Satay chicken


This is a very quick meal - easy to prepare and not long in the pot.

You can vary the vegetables according to taste. You can vary the meat too but you may need to allow extra cooking time if you use something like beef. Serve with steamed rice or couscous.


Satay Chicken









Preparation time: 10 minutes
Cooking time: 50 minutes
Quantity: Serves 4

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3 teaspoons corn flour
1 tbsp. water
1 tbsp oil
1 onion
2 cloves garlic
1 teaspoon curry powder
600 gm chicken thigh fillets, diced
300 gm green beans cut into 4 cm lengths
1 tin diced tomatoes
3 tablespoons crunchy peanut butter
1 teaspoon stock powder
1 tbsp soy sauce
1 tbsp sweet chilli sauce
200 ml (half a can) coconut cream
Pinch sugar
1/2 teaspoon ground cumin
1/2 teaspoon ground coriander
Pepper to taste



Mix corn flour and water together in a small bowl. Stand aside.

Heat oil and cook onion, garlic and curry powder for 5 minutes. Add chicken and cook a further 5 minutes to brown the chicken. Add beans, tomatoes, peanut butter, stock powder, sauces, coconut cream, sugar and remaining spices. Gently return to the boil and simmer for 30 minutes.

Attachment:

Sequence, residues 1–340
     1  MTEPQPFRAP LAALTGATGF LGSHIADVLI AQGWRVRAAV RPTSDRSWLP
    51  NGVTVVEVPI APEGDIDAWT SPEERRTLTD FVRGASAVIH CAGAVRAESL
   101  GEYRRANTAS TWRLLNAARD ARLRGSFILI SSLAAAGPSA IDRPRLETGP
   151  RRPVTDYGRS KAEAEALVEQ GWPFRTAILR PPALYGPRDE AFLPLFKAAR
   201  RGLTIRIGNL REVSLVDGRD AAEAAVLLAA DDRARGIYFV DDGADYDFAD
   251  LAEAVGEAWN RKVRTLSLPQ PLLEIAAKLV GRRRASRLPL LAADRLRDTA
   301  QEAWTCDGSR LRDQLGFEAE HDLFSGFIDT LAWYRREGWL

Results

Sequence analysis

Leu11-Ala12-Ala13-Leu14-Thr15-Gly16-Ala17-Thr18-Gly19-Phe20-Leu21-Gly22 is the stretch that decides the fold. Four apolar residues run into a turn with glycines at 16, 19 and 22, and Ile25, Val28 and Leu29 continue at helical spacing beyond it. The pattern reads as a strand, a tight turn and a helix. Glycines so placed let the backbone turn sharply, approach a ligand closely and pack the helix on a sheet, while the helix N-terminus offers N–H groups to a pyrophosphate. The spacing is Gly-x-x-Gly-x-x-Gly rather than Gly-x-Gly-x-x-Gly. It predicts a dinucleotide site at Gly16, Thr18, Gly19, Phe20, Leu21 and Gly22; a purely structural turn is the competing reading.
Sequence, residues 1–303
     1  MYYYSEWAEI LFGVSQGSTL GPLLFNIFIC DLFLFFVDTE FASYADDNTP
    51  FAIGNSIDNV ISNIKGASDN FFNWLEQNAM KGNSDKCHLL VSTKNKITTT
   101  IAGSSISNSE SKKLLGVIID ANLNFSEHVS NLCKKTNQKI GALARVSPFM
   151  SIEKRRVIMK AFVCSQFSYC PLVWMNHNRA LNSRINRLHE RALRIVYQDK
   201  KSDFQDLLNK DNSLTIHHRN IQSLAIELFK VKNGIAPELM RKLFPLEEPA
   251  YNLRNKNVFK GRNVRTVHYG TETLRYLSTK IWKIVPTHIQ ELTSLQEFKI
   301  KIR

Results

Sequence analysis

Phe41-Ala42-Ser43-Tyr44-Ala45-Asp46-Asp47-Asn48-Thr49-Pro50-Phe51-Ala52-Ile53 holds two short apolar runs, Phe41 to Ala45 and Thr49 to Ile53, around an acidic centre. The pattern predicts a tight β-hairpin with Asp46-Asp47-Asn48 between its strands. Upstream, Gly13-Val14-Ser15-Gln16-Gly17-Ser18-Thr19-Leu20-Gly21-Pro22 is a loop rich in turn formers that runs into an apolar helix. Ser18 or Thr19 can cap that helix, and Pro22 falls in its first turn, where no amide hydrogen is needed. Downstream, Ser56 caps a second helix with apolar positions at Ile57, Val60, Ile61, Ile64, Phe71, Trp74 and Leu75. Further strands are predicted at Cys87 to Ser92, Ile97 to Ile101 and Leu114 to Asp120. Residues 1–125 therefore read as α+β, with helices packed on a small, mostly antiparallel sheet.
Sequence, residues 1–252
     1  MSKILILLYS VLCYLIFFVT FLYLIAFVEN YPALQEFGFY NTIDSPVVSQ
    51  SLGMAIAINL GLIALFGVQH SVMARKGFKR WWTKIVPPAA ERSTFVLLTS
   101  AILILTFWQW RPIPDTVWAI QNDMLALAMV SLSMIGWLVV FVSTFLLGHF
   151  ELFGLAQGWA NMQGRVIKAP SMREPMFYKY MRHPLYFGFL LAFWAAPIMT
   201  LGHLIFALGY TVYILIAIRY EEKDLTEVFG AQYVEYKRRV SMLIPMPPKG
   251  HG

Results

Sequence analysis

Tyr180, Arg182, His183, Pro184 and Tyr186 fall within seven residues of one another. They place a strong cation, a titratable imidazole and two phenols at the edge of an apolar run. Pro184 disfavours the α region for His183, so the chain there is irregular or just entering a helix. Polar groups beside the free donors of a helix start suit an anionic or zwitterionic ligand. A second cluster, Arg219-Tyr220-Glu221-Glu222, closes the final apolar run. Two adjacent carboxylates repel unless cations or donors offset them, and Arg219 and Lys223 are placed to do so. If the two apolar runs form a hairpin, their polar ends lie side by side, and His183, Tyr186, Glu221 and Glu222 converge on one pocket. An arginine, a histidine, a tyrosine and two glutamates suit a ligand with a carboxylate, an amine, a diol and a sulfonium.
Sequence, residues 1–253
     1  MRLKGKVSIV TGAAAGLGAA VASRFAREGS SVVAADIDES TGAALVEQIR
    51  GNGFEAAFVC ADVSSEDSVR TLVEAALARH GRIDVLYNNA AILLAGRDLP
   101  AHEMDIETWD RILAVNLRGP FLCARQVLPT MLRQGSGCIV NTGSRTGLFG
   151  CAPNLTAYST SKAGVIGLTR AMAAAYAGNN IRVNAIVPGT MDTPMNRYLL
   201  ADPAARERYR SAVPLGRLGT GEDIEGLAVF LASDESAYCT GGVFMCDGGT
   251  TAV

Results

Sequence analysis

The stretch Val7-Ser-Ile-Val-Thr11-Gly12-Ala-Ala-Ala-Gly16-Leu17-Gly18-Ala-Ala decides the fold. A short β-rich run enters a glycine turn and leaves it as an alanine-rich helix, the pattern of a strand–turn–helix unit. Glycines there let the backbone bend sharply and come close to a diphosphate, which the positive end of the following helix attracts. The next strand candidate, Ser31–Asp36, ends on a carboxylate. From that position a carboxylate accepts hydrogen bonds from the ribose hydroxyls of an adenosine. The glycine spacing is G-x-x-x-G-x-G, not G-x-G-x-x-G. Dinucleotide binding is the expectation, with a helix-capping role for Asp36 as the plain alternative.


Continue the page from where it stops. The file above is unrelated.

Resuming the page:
Remove from the stove and stir in the corn flour/water mixture. Return to the heat and stir constantly for 5 minutes until gravy is thickened. Serve immediately.



This meal produces a lovely thick gravy, ideal for dipping bread into.


Food Facts:

Cumin is a flowering plant that produces a compact, tiny fruit that holds one seed. the ground seed is mainly used in Indian and Mexican cuisine but also is used in the Middle East, North Africa and parts of Asia. It has a slightly bitter-sweet taste. Cumin aids digestive problems so it is good to eat at the same time as beans. It is said to relieve diarrhoea, nausea and morning sickness.

Ground coriander is a spice made from the seed of the Cilantro plant which is an annual herb. The seeds can be dry roasted and ground. Coriander is one of the main ingredients in Indian curry powder. Fresh coriander leaves can also be eaten but they have a very different taste to the seeds. Both coriander seeds and leaves were used in medieval times to disguise the taste and smell of rotten food.



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